Classes of Childhood Sexual Abuse and Women's Adult Couple Relationships

Article excerpt

The current study assessed if childhood sexual abuse (CSA) can be meaningfully classified into classes, based on the assumption that abuse by a close family member differs in important ways from other abuse, and whether abuse classes were differentially associated with couple relationship problems. The childhood experiences and adult relationships of 1,335 Australian women (18-41 years) were assessed. Latent class analysis identified three classes of CSA: that perpetrated by a family member, friend, or stranger, which differed markedly on most aspects of the abuse. Family abuse was associated with the highest risk for adult relationship problems, with other classes of CSA having a significant but weaker association with adult relationship problems. CSA is heterogeneous with respect the long-term consequences for adult relationship functioning.

Keywords : family abuse; violence ; marital separation ; relationship satisfaction

Child sexual abuse (CSA) of girls is common and associated with high rates of psychological disorder and other problems in adulthood ( Beitchman et al., 1992 ). The association of CSA is particularly strong with problems in women's adult couple relationships. Compared to their nonabused peers, women with a history of CSA have double the rate of marital separation and are more dissatisfied with their relationships ( Colman & Spatz Widom, 2004 ; Fleming, Mullen, Sibthorpe, & Bammer, 1999 ; Liang, Williams, & Siegel, 2006 ). Despite the strong association between CSA and adult relationship problems, many women with a history of CSA have stable and satisfying adult couple relationships ( Colman & Spatz Widom, 2004 ; Davis & Petretic-Jackson, 2000 ). The variability in couple relationship problems of women with a history of CSA might be partially a function of the nature of the abuse experienced. The current study assessed whether CSA can be meaningfully classified into distinct classes and whether these classes are differentially associated with adult relationship problems.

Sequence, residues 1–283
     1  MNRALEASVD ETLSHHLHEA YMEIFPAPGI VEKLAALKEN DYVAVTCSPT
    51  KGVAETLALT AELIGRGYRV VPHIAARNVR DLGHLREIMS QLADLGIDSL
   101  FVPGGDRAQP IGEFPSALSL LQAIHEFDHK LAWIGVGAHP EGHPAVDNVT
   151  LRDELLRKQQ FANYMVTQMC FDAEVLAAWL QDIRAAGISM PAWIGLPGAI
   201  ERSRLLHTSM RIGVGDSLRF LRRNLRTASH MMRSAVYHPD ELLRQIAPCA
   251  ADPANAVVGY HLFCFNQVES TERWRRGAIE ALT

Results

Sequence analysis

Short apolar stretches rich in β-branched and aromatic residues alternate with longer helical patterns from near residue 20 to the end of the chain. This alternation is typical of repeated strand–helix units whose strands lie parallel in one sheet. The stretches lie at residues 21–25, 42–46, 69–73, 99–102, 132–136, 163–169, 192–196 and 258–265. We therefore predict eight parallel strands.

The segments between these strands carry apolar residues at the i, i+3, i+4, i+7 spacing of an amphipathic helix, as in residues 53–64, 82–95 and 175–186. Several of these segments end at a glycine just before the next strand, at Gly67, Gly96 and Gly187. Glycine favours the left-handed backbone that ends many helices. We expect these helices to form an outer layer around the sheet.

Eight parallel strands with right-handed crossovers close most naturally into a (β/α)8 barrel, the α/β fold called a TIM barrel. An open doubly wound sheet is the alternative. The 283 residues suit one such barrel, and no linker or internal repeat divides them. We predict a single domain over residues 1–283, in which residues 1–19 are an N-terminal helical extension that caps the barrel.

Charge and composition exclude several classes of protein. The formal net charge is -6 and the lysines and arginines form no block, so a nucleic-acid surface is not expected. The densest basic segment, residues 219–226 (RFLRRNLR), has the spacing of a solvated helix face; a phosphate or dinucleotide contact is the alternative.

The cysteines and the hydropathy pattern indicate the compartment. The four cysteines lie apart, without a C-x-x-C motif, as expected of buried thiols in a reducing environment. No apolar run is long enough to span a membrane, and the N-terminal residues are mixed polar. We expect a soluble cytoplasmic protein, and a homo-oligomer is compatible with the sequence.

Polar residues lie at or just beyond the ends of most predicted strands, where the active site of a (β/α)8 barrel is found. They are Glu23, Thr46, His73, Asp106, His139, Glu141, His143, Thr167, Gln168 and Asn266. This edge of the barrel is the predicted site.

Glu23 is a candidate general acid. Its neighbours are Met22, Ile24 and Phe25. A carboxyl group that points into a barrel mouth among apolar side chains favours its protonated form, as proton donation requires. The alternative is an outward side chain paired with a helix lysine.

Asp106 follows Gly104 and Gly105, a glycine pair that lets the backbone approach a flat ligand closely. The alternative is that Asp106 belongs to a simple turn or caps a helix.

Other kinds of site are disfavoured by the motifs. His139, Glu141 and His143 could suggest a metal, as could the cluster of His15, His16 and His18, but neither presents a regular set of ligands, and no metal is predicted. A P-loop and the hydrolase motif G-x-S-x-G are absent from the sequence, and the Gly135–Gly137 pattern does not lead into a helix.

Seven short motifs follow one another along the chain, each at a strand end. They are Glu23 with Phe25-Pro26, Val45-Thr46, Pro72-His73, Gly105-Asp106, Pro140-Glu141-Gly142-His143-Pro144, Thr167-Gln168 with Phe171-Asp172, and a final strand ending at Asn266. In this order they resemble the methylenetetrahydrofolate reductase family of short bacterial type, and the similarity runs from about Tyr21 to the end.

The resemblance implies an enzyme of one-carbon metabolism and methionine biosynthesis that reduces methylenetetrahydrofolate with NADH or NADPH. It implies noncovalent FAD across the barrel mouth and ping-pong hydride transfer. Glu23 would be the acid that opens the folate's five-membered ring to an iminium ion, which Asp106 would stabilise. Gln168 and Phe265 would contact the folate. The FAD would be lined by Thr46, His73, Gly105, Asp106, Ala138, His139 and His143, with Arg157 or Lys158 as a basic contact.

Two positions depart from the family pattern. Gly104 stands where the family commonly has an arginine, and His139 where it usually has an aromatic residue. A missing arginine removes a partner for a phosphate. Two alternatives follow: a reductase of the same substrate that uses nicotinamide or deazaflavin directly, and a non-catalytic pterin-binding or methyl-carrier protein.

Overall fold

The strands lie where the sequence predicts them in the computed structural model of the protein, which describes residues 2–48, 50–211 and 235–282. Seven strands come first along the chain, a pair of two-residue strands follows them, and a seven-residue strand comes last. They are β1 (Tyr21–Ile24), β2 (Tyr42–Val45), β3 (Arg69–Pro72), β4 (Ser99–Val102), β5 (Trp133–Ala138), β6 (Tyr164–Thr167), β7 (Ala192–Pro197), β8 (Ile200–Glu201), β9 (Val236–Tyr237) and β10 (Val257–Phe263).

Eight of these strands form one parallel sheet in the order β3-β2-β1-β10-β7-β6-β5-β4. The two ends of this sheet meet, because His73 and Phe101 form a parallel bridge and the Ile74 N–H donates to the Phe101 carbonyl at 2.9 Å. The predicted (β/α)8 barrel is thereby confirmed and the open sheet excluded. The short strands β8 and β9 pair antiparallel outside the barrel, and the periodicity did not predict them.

Clarifying the association between CSA and couple relationship problems is important. Couple relationship distress and separation are common problems, which are strongly associated with elevated risk of psychiatric disorder in adult partners and their offspring ( Whisman & Uebelacker, 2006 ), reduced work productivity ( Whisman & Uebelacker, 2006 ), increased risk for poverty ( Wilmonth & Koso, 2002 ), and are very costly to society ( Halford, Markman, & Stanley, 2008 ). Clarifying the association between CSA and couple relationship problems could guide efforts to prevent or treat such problems.

There have been numerous attempts to refine the assessment of CSA beyond its presence or absence, and to relate aspects of abuse to adult relationship outcomes. These attempts to refine the assessment of CSA fall into three broad categories, discriminating abuse by the presence of a particular aspect of abuse (e.g., vaginal penetration), classifying abuse on a continuum of severity, and defining classes of abuse on the basis of multiple abuse characteristics.

With respect to classification of CSA based on a particular characteristic of the abuse, more extensive adult relationship problems are reliably associated with more physical intrusion by the perpetrator (i.e., vaginal penetration relative to genital touching relative to nongenital touching; Fergusson, Horwood, & Lynskey, 1997 ; Fleming et al., 1999 ) and abuse perpetrated by a family member rather than a friend or a stranger ( Noll, Trickett, & Putnam, 2003 ). Greater use of psychological coercion by the perpetrator ( Basta & Peterson, 1990 ) and a lack of disclosure of the CSA by the victim ( Jonzon & Lindblad, 2004 ) are associated with more psychological impairment in women with a history of CSA, and might also predict adult relationship outcomes. …